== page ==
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Tagged : leukemia


Healthy (some say icky) foods to eat to get Vitamin K2, which protects your arteries and bones

March 26th, 2014

Vitamin K2 might just be the least crazy vitamin craze. Studies show it helps keep arteries clear of calcium build up, but also puts calcium where it’s needed, in the bones. Find out how to build Vitamin K2 into your diet.


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Men living closest to Canadian tar sands are more likely to get leukemia, Non-Hodgkin’s lymphoma

October 31st, 2013

Living near oil refineries has never been good for your lungs. It may not be good for your blood either. Men living closest to the tar sands mining region of Canada are suffering from higher rates of leukemia and Hodgkins disease, according a new study.


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Spring brings the annual rain of lawn chemicals

February 22nd, 2011

Spring has sprung, or is springing — quite early, in case you hadn’t noticed (hmm…wonder why?). And with the season come the chemicals, raining down upon lawn and garden centers everywhere

Ah, I love the smell of Atrazine in the morning. Let us celebrate the beginning of new life –and the end of beneficial insects, pure water, live soil and natural processes!

It is amazing that with our vast knowledge of how chemicals contaminate ecosystems, pollute waterways and boomerang back in food and drink with verifiable carcinogenic and endocrine-disrupting effects, we collectively buy tons of these synthetic chemicals every spring, summer and fall.


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A beautiful lawn, without oil

June 16th, 2010

Like everyone else, I’ve been examining my use of oil and petrochemicals in the wake of the BP hemorrhage in the gulf.
We all know that getting a higher mileage car, a hybrid or even an electric vehicle, would slash our personal oil dependency.
But if you’re like me, not ready to trade in the functioning vehicle in the driveway, you’ll need to look elsewhere to squeeze some oil out of your consumption. Fortunately, and unfortunately, American consumer goods are infused with petrochemicals and oil byproducts. Plastics, pesticides and a vast array of products are made with oil. Not to mention that many of the foods we buy have high oil costs when they’re transported from thousands of miles away. So pick your starting point, reduce and recycle plastics; buy local food; go organic.


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Pesticides, ADHD and what we can do about it

May 17th, 2010

After reading today’s news about yet another study linking pesticides to yet another health issue, in this case ADHD, I thought maybe this time, we’ll pay attention to this dark undercurrent in modern life. Perhaps now, with 3-7 percent of kids affected by ADHD, and the disorder possibly triggered by pesticide exposure, we’ll finally see that it really is something in the water — and the food — that’s causing this crisis.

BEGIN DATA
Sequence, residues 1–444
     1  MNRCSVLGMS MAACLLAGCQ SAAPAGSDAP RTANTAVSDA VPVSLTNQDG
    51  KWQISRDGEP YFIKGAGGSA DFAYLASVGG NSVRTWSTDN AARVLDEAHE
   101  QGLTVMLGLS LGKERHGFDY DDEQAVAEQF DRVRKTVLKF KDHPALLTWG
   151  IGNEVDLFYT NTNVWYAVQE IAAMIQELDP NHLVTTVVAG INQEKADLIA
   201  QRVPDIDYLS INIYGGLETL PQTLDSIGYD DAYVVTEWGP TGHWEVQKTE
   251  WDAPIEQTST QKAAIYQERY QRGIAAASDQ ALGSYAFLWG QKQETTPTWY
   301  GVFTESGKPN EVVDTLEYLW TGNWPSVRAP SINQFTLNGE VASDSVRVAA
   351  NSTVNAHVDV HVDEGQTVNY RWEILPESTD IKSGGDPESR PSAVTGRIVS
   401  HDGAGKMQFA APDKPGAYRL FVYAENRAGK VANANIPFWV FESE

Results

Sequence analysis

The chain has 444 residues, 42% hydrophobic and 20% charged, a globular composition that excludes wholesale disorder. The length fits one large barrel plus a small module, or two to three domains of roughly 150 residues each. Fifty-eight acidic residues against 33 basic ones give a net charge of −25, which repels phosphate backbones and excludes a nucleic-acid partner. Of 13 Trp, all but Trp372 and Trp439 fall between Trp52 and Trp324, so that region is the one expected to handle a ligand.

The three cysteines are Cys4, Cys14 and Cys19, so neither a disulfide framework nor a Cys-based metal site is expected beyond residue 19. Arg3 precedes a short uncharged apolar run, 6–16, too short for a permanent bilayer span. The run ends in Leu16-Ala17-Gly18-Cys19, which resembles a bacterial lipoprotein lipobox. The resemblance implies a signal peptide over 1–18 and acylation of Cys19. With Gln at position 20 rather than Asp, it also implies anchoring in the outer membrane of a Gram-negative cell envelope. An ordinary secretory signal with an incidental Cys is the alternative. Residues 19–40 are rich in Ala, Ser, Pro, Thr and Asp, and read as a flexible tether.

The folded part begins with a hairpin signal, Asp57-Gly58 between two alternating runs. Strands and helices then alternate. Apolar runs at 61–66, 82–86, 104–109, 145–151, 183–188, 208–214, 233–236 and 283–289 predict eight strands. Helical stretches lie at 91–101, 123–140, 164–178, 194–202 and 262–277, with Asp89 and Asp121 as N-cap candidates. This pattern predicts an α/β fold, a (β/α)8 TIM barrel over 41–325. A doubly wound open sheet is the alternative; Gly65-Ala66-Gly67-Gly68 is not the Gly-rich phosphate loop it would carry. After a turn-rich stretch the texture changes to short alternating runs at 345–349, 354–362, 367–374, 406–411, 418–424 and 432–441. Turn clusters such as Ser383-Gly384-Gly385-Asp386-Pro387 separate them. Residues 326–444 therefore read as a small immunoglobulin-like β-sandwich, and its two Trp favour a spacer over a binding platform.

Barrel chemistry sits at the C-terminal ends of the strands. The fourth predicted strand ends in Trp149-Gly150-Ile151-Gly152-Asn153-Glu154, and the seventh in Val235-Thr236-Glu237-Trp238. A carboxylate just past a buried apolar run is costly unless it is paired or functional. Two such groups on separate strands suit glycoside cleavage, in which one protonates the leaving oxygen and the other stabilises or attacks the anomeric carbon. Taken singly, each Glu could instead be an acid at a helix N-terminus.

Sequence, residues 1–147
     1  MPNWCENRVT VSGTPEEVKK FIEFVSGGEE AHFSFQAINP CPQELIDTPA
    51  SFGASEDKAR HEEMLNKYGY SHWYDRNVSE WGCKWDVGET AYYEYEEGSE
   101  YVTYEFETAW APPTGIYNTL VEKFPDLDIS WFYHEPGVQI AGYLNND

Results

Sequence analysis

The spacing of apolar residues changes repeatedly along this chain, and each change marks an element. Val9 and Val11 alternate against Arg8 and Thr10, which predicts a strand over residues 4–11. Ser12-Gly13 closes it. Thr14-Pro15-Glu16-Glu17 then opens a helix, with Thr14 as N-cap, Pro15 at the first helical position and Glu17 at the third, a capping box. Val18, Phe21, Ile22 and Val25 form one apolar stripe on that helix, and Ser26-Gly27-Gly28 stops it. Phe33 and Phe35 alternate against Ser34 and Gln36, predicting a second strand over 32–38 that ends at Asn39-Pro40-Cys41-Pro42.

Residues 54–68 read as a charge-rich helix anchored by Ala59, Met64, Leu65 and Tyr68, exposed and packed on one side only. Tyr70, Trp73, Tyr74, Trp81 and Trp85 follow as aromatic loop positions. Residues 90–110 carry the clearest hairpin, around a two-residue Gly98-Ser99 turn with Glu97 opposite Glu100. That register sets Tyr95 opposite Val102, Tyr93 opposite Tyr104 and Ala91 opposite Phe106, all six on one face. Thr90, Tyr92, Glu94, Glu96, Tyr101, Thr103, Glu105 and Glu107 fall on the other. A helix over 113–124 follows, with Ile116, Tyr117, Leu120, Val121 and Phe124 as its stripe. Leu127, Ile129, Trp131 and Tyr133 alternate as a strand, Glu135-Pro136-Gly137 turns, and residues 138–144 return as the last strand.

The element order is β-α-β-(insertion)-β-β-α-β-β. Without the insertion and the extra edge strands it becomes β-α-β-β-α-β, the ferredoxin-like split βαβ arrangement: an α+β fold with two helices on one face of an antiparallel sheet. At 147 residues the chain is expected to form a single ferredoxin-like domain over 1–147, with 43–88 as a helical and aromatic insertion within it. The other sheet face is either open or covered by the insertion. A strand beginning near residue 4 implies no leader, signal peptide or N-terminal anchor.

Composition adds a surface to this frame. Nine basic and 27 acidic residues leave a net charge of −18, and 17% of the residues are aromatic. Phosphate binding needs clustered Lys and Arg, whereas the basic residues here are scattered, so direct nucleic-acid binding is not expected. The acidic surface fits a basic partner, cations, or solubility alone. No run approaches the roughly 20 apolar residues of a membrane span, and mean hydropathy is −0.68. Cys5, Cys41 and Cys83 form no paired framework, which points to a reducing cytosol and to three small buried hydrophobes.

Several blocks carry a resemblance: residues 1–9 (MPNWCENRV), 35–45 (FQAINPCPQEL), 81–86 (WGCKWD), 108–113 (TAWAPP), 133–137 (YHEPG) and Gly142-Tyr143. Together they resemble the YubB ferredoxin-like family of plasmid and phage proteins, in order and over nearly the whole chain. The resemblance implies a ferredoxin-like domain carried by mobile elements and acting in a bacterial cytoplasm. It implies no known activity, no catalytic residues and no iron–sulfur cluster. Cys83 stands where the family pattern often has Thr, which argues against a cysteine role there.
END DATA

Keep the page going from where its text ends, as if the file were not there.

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Cancer experts urge prevention; ask for public listing of carcinogens

June 18th, 2009

By Barbara Kessler
Green Right Now

Calling the fight against cancer “one of the most notorious public health failures of the 20th century” four leading cancer and environmental experts called on Congress and the Obama Administration this week to acknowledge the role environmental carcinogens play in triggering cancer and dedicate more money to cancer prevention.

In a letter to Congressional leaders, the national medical and scientific experts said they were concerned that prevention has received little attention in the Obama Cancer Plan. They noted that health care costs could not be brought under control without a better plan to fight the disease that claims 1,500 American lives daily and costs $89 billion a year to diagnose and treat. (Costs rise to $219 billion annually, when lost productivity and premature death costs are factored in).


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Formaldehyde shown to raise cancer risk in workers

May 14th, 2009

Green Right Now Reports:

In a study released Tuesday by the Journal of the National Cancer Institute, researchers report that they have found a continuing “possible link” between formaldehyde exposure and death from cancers of the blood and lymphatic system among workers exposed to the chemical.

The report is part of an ongoing study of industrial workers in plants making formaldehyde products.

“Since the 1980s, NCI has studied cancer deaths among a group of 25,619 workers, predominately white males, who were employed before 1966 in 10 industrial plants that produced formaldehyde and formaldehyde resin and that used the chemical to produce molded-plastic products, decorative laminates, photographic film, or plywood,” according to the NCI release.

These workers show a higher susceptibility to certain cancers, especially among workers with high exposure to the chemical, researchers say.


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